In Australia everyone expected a move from the liberal to the Labour government. That didn't happen actually the Liberals got re-elected. The market again has taken that very well mainly because the Labour government were talking about removing some of the tax benefits on dividends and on housing, which is now obviously disappeared and the markets taken that very well. So both of those elections I would say have had positive impacts and were a surprise.
Q: Now if you were looking for an investment trusts that invest primarily in equities and your primary objective was income you'd find that Henderson Far East Income has the best dividend yield across the industry. Now what can you tell us about your approach to achieving that impressive yield?
A: Well the whole idea of Henderson Far East is to get exposure to the income story which is already in Asia and potentially the income story which has yet to come. So we split the portfolio between the high yielding stocks, tend to be in the more developed parts of Asia like Australia, Hong, Kong, Singapore and then roughly 50% of the portfolio into areas where we see dividend growth. What we look for is cash flow, cash flow generation to sustain the dividends that currently are paid and for companies which are maturing over time producing more and more cash and ultimately will have the ability to pay higher dividends in the future. So we think the combination of the two can give you a nice high dividend with the potential for dividend growth which is why you go to Asia in the first place rather than UK because there is underlying growth. So when we put those two together plus we use option writing to generate some additional income we manage to deliver a yield which is currently north of 6%.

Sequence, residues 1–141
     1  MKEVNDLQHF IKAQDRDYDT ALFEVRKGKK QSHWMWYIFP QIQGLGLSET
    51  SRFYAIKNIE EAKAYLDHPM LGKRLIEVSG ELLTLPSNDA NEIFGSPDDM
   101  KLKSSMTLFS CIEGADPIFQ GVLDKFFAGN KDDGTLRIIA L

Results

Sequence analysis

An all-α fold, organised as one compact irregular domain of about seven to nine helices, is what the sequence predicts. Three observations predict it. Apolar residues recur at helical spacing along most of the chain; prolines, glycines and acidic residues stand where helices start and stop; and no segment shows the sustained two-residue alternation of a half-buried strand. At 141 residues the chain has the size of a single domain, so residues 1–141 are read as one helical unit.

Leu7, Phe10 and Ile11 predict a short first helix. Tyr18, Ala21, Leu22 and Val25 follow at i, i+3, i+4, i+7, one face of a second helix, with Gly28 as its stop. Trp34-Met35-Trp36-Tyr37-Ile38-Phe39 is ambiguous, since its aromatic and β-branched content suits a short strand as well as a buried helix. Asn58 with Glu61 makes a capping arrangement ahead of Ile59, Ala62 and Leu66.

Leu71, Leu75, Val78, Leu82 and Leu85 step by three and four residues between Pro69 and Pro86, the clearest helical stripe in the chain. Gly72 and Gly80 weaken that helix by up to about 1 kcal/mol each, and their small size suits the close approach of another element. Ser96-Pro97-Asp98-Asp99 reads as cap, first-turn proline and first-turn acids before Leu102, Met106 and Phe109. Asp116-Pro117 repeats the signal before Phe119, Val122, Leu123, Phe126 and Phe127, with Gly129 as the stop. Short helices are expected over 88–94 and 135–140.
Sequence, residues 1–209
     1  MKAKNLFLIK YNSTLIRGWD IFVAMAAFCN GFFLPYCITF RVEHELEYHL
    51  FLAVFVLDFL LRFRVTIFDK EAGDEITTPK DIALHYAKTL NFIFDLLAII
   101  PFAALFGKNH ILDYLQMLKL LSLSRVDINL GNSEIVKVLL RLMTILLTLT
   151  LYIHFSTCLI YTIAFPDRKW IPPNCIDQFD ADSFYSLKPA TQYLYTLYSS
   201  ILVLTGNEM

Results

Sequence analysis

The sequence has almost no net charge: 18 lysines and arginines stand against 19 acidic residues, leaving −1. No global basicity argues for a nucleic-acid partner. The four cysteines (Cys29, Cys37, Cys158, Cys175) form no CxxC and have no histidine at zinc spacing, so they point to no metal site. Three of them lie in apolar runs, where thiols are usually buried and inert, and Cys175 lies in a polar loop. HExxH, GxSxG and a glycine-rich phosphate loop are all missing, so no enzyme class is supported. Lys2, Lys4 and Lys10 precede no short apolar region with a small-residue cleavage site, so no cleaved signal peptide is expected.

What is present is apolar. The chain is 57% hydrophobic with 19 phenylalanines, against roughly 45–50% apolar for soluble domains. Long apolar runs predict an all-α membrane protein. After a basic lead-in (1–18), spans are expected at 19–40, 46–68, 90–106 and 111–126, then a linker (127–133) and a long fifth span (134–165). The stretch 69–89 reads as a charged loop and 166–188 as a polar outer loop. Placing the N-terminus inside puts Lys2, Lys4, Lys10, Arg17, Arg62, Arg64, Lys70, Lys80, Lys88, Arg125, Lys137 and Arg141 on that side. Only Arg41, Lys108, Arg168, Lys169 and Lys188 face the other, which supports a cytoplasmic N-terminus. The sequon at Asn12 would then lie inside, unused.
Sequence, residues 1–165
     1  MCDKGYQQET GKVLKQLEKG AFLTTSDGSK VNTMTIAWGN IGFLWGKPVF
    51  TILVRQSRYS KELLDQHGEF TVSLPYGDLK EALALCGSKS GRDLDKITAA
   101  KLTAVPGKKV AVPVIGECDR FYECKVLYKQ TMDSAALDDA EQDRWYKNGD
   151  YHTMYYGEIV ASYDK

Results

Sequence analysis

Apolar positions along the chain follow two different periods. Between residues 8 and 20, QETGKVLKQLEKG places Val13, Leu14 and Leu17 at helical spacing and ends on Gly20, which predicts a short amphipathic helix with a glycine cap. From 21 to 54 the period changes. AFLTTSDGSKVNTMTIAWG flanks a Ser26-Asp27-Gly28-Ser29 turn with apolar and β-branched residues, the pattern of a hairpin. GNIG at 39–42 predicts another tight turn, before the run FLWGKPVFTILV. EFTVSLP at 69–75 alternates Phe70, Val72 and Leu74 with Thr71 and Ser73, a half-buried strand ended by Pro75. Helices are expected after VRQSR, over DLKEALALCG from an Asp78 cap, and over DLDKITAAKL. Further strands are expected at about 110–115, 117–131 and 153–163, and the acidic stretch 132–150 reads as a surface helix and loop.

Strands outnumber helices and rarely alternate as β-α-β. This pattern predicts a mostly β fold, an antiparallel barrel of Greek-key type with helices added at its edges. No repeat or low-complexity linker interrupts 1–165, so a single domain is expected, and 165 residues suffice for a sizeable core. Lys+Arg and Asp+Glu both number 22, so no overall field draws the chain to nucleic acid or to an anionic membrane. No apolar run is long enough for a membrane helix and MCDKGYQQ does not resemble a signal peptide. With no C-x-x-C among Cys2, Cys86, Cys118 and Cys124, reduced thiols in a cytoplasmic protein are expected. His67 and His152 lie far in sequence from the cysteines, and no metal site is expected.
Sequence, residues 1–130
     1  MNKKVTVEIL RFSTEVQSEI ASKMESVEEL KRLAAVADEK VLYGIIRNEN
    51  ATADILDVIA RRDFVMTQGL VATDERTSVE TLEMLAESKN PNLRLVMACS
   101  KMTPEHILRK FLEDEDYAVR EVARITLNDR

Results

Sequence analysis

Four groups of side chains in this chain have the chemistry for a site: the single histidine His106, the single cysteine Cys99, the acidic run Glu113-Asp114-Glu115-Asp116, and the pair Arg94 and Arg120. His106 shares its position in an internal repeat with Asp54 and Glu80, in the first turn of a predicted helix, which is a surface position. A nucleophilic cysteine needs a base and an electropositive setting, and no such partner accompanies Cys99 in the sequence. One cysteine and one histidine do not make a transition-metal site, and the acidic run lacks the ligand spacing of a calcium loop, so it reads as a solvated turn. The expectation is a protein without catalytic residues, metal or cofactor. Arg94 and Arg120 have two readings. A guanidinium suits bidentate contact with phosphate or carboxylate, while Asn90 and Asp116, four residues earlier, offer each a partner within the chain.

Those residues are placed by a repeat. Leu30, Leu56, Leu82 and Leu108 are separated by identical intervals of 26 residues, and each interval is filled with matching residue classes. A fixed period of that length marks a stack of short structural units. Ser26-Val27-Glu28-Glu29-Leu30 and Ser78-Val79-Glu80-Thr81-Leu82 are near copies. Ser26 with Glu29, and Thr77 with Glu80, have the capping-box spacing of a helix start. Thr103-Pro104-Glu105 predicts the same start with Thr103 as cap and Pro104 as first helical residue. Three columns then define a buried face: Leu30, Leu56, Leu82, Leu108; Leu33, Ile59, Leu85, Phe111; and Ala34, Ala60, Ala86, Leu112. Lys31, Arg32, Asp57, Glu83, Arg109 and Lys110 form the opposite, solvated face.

Q: Now lastly what can you tell us about your activity on the portfolio over the past three months? Have there been any interesting additions or positions exited and the gearing also remains very low. So what might tempt you to use that?
A: Yeah we haven't changed that much really from really the start of the year let alone the last three months. The emphasis is still on consumption. We expect the trade war to have an impact on exports and global trade. So we have very little exposure to that. We think if there is an offset to what's going on with trade it will probably come domestically especially in China with the ability to increase some of the measures to boost consumption. So we think consumer and domestic consumer so we want local brands not foreign brands within Asian markets.
So every opportunity we get in the last 5, 6, well 8 months or so has been to add to those areas. So that could be wine companies in Australia, it can be Macau casinos, it can be jewellery companies, sportswear, this kind of stuff. These are the kind of companies we've been adding to and we were reducing, on the whole, financials which are okay from a valuation standpoint but we're struggling with a falling interest rate environment which is what we'd like to see in the US which will probably be repeated in the region. We think that's going to be a little bit of a headwind for banks in Asia Pacific. So that's the main themes of the portfolio over the last six months or so.